DeversiFi’s Lexi Short talks the language of marketing for an inclusive Web3 world
As we build the next era of digital reality, some elements of Web 2 will not hold back. However, the language chosen to communicate the promise of space will determine access and inclusiveness for the masses.
Web3 is here, it’s now, and it’s the tangible future of our digital lives. Already major global sectors have found ways to integrate Web3, crypto and blockchain. As this new era of technology develops, industry crossover will become the norm.
However, if the space is to appeal to the masses. It must reflect an essential component of our societies: diversity. The world is not a flavor. It is a place full of competing and complementary ideas, interests and understandings. Not all people are tech savvy or financial savvy. However, people can all benefit from the power of decentralized solutions, financial or otherwise. They just need to figure out how.
Currently, according to the findings of the Fintech Diversity Radar (FDR) report 2021 When it comes to diversity, the fintech industry can still improve.
As the transformation to digital progresses, it will be a major responsibility of the technology industry to value information and users beyond its initial audience. This can be done effectively through the language chosen to represent the space as a whole. Despite global language barriers, there are ways to commercialize space, creating a more identifiable Web3 world for everyone.
Not just a man’s world
Like Lexi, many women are joining the crypto space as investors and mainstays of the workforce. However, an early sighting of the space, despite its welcoming colleagues, revealed unfamiliar lingo and identities. “I was really interested in blockchain, but I felt intimidated by it. It was very masculine and very technical, I didn’t really feel like I was anywhere where I could add value .
“I think some of my early challenges in space are intensified by being a woman. I probably had a bit of impostor syndrome. Previously, I was neither in finance nor in technology. The financial language and the jargon itself were confusing. So I had to learn a lot on the job in the real market.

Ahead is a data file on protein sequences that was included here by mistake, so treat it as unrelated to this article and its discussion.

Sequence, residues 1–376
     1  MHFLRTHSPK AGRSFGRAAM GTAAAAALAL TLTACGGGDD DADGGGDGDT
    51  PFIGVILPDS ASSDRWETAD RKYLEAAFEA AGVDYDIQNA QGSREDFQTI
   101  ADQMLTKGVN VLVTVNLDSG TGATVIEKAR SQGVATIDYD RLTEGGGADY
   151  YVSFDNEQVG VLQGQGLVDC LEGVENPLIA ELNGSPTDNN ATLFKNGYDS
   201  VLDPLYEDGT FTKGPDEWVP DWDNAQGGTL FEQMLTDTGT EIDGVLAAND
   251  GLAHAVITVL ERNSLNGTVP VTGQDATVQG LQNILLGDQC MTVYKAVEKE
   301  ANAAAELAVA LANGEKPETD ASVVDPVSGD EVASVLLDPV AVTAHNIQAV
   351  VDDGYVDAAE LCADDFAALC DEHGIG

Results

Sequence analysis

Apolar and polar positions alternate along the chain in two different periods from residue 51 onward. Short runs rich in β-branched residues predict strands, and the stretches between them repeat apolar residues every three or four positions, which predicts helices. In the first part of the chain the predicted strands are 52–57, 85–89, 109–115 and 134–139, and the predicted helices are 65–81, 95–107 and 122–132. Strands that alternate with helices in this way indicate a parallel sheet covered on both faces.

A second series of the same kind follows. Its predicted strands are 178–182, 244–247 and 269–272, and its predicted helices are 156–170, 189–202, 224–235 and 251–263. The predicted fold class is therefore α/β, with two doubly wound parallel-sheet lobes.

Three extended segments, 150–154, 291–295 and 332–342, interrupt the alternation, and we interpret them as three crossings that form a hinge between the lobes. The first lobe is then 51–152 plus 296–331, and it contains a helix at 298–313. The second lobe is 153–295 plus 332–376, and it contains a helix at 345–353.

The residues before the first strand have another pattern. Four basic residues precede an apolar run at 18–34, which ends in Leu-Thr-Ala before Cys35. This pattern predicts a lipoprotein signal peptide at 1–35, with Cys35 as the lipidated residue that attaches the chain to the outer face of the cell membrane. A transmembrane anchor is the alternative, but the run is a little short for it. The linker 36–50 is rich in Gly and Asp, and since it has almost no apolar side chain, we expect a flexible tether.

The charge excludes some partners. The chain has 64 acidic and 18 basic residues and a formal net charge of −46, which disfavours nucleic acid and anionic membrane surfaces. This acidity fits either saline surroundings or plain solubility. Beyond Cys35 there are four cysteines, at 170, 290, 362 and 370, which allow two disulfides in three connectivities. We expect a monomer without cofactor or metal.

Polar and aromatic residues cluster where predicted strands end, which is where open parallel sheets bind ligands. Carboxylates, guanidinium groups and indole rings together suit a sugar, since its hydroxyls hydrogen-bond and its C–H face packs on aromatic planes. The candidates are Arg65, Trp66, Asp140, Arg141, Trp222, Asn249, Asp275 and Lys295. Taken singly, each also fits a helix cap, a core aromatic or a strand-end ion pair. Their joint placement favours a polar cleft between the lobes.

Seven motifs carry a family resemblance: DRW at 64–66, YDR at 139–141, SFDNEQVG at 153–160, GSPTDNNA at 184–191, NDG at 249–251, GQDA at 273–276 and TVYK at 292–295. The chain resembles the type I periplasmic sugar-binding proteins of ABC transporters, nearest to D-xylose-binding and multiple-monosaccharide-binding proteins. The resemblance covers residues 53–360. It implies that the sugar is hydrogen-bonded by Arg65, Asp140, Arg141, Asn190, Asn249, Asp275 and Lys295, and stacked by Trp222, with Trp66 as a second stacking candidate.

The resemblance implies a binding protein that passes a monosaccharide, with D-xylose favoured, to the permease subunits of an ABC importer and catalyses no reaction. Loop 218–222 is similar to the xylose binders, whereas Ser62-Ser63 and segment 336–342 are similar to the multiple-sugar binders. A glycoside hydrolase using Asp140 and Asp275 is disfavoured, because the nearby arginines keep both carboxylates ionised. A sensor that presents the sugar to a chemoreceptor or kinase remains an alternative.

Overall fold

Due to financial spaces, both traditional and decentralized, male dominated, language and culture reflect this. “One of the most off-putting things for me is this ‘bro culture’. Obviously, because of marketing, I spend a lot of time on social media. I think we see that a lot there.
Demystify the jargon
However, if these financial “cultural” nuances are clarified and redirected towards a general understanding, not only women, but anyone outside of a traditional fintech profile can find their place.
“At first, I just couldn’t understand what people were saying, because of the slang and terminology. When someone explained it to me in traditional English, I thought to myself, why don’t we just say that? For example, why do we call yield farming? Why don’t we just say earn interest on your investment? Then everyone would know what that meant.
“On the community side, there is this kind of ‘maxi tradition’. A quirky bunch of crypto enthusiasts who I believe exacerbate the jargon situation.
“I think there’s this habit that’s formed in the industry of using this language and continuing to use it, it keeps people from joining. That’s one of the reasons why I think the founders wanted me on board – to adapt the language.
Marketing in a decentralized world
However, if the language of an entire industry were to change, marketers would have an uphill battle ahead of them. Plus, as Lexi points out, it’s not just about new language dynamics, it’s about whole new Web3 native marketing methods.
“To understand how we can somehow combat this, it’s good to take a step back and understand the differences between Web2 and Web3 from a marketing perspective.
From more traditional marketing training, the funnel shape you look at is reach and brand awareness, engagement, acquisition, and retention. In Web3, you have to look at each funnel stage differently. The type of tools you normally deploy for partnerships are non-traditional. It’s more about integrations and the access you provide.
There are also differences in how we think about engagement. The point of engagement is more around the community. Then the normal growth hacking tactics relate to liquidity, mining, and tokenomics. Lexi argues that marketing in Web3 follows a new playbook, play-as-you-go.